In vivo severe corrosion and hydrogen embrittlement of retrieved modular body titanium alloy hip-implants

Danieli C. Rodrigues, Robert M. Urban, Joshua J. Jacobs, Jeremy L. Gilbert

Research output: Contribution to journalArticle

117 Scopus citations

Abstract

Titanium alloys are widely used in total-joint replacements due to a combination of outstanding mechanical properties, biocompatibility, passivity, and corrosion resistance. Nevertheless, retrieval studies have pointed out that these materials can be subjected to localized or general corrosion in modular interfaces when mechanical abrasion of the oxide film (fretting) occurs. Modularity adds large crevice environments, which are subject to micromotion between contacting interfaces and differential aeration of the surface. Titanium alloys are also known to be susceptible to hydrogen absorption, which can induce precipitation of hydrides and subsequent brittle failure. In this work, the surface of three designs of retrieved hip-implants with Ti-6Al-4V/Ti-6Al-4V modular taper interfaces in the stem were investigated for evidence of severe corrosion and precipitation of brittle hydrides during fretting-crevice corrosion in the modular connections. The devices were retrieved from patients and studied by means of scanning electron microscopy (SEM), X-ray diffraction (XRD), and chemical analysis. The surface qualitative investigation revealed severe corrosion attack in the mating interfaces with evidence of etching, pitting, delamination, and surface cracking. In vivo hydrogen embrittlement was shown to be a mechanism of degradation in modular connections resulting from electrochemical reactions induced in the crevice environment of the tapers during fretting-crevice corrosion.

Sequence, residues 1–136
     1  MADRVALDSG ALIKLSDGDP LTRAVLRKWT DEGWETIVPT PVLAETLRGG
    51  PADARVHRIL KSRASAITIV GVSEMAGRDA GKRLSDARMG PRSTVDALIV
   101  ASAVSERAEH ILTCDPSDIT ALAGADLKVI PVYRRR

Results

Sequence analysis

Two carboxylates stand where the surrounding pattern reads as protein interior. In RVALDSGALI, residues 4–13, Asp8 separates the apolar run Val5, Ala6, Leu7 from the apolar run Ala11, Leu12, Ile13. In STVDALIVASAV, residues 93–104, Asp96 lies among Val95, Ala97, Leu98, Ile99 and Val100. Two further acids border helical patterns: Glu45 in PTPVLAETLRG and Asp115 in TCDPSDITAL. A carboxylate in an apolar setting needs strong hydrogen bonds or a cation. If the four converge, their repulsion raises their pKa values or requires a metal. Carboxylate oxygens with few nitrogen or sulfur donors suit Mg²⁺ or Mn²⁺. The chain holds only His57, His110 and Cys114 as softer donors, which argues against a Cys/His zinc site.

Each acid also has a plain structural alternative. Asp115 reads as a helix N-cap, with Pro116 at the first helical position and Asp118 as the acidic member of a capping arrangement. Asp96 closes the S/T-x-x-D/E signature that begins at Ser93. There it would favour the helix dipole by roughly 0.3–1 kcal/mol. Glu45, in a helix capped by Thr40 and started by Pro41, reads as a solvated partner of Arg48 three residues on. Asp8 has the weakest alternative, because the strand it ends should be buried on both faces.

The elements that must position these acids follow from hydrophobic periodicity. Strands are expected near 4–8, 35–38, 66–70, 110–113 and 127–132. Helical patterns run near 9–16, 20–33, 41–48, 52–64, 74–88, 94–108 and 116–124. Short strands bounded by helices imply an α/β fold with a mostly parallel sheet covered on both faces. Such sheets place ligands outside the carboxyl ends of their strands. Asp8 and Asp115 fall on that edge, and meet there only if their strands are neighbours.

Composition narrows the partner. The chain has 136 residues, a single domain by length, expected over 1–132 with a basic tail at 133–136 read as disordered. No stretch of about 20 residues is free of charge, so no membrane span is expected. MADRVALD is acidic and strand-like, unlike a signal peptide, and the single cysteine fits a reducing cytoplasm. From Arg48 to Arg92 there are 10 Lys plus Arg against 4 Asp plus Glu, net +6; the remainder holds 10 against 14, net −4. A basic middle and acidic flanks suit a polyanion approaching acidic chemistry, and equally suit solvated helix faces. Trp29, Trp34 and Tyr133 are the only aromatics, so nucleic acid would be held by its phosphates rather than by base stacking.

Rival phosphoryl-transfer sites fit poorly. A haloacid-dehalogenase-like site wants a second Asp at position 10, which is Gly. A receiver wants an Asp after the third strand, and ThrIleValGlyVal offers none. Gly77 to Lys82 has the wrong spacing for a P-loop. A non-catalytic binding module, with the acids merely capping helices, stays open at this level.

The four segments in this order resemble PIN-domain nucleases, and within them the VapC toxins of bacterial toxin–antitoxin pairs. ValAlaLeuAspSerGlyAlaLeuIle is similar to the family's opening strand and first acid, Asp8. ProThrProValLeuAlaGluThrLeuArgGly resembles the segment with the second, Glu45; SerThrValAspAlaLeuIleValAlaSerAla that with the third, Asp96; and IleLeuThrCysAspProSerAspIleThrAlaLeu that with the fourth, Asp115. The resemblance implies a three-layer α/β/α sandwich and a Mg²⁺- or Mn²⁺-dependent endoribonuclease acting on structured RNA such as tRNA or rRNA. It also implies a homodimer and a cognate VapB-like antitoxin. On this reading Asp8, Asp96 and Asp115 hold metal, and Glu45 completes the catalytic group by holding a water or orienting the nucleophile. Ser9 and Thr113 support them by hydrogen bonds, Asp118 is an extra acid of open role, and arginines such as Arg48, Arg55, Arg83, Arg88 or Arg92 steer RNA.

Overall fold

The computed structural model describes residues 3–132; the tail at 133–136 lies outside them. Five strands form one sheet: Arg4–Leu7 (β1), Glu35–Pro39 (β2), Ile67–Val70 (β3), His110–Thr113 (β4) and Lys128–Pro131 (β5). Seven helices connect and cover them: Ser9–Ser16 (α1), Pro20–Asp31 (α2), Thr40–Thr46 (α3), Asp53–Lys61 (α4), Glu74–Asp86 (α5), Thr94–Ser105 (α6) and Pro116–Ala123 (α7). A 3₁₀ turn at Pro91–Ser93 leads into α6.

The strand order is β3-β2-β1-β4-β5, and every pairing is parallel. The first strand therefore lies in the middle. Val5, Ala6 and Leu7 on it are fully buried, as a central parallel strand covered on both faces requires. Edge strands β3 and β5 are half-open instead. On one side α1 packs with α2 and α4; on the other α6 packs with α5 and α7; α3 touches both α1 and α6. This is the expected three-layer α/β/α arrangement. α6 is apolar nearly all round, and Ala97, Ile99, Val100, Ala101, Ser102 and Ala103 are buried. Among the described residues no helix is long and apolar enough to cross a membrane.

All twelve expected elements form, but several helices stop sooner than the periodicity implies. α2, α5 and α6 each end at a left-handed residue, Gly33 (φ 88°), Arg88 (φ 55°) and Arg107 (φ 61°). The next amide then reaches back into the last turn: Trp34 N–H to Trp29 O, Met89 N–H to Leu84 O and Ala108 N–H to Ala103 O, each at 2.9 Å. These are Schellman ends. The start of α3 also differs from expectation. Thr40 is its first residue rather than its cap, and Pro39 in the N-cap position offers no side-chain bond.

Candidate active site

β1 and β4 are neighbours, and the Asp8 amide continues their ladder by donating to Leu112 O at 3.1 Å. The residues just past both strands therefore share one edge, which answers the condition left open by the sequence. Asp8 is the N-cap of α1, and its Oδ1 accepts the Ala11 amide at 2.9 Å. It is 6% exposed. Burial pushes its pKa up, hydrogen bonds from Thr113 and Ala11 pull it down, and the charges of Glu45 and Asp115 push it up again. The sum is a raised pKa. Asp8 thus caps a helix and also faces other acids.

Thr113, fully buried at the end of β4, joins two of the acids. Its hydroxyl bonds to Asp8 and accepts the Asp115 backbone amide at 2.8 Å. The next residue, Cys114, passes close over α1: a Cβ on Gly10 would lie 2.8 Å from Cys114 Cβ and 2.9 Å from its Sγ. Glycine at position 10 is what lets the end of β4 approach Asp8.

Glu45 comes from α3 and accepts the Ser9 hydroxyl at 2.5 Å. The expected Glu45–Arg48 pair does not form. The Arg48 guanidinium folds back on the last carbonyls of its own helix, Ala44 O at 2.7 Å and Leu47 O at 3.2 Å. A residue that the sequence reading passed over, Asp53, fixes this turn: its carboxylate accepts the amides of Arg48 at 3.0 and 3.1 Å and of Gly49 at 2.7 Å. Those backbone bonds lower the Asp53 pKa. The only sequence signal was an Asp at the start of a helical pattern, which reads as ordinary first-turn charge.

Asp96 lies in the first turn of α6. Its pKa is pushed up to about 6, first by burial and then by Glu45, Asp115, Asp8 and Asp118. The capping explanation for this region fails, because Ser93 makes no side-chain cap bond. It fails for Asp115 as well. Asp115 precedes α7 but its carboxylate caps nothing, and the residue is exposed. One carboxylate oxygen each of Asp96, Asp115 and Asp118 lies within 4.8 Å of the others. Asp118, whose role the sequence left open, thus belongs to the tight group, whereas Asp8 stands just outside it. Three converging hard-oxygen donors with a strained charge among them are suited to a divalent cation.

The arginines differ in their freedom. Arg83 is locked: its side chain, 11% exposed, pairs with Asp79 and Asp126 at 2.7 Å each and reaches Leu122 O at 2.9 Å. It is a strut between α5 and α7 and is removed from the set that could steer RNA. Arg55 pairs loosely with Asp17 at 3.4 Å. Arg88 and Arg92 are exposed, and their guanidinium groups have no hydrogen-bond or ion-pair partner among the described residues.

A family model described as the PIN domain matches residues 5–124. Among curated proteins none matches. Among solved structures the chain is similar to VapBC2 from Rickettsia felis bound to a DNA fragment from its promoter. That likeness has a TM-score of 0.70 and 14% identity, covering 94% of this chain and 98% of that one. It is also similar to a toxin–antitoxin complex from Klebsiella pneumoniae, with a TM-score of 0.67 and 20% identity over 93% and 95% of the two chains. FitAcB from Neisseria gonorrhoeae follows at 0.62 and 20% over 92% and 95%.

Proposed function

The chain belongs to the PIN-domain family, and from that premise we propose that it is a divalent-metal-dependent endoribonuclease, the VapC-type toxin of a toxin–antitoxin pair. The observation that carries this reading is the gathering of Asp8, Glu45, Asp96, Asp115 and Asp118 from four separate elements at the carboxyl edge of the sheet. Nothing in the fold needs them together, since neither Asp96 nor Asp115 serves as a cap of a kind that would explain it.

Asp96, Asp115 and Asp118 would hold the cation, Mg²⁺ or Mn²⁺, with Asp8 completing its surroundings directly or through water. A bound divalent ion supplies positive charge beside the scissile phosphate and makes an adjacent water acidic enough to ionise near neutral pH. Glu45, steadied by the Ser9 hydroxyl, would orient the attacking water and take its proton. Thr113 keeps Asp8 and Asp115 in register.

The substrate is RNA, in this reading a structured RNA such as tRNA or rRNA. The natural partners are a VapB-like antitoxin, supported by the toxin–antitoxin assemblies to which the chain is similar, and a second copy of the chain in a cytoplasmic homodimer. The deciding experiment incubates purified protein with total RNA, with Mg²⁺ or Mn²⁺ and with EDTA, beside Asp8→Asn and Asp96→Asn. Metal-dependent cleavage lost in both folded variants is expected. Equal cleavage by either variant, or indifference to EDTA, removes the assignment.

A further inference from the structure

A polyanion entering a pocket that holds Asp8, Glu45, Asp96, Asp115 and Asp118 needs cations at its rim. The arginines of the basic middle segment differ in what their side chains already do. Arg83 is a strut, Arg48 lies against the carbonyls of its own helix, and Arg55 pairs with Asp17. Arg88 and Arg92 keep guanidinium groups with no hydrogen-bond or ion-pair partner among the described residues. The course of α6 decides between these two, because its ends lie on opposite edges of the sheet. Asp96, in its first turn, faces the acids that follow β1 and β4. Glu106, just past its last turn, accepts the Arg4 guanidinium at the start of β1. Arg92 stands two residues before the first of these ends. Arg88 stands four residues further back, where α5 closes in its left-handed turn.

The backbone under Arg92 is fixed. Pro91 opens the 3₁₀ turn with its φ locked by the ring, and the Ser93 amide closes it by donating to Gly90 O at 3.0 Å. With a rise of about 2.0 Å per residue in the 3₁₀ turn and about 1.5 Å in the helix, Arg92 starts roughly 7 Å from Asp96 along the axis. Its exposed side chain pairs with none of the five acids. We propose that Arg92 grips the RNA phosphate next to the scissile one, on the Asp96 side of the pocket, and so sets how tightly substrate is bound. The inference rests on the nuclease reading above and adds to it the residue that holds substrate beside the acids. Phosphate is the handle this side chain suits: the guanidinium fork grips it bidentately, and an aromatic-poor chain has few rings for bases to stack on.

Original languageEnglish (US)
Pages (from-to)206-219
Number of pages14
JournalJournal of Biomedical Materials Research - Part B Applied Biomaterials
Volume88
Issue number1
DOIs
StatePublished - Jan 1 2009

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Keywords

  • Crack
  • Crevice corrosion
  • Hydrogen embrittlement
  • Pitting
  • Titanium alloy

ASJC Scopus subject areas

  • Biomaterials
  • Biomedical Engineering

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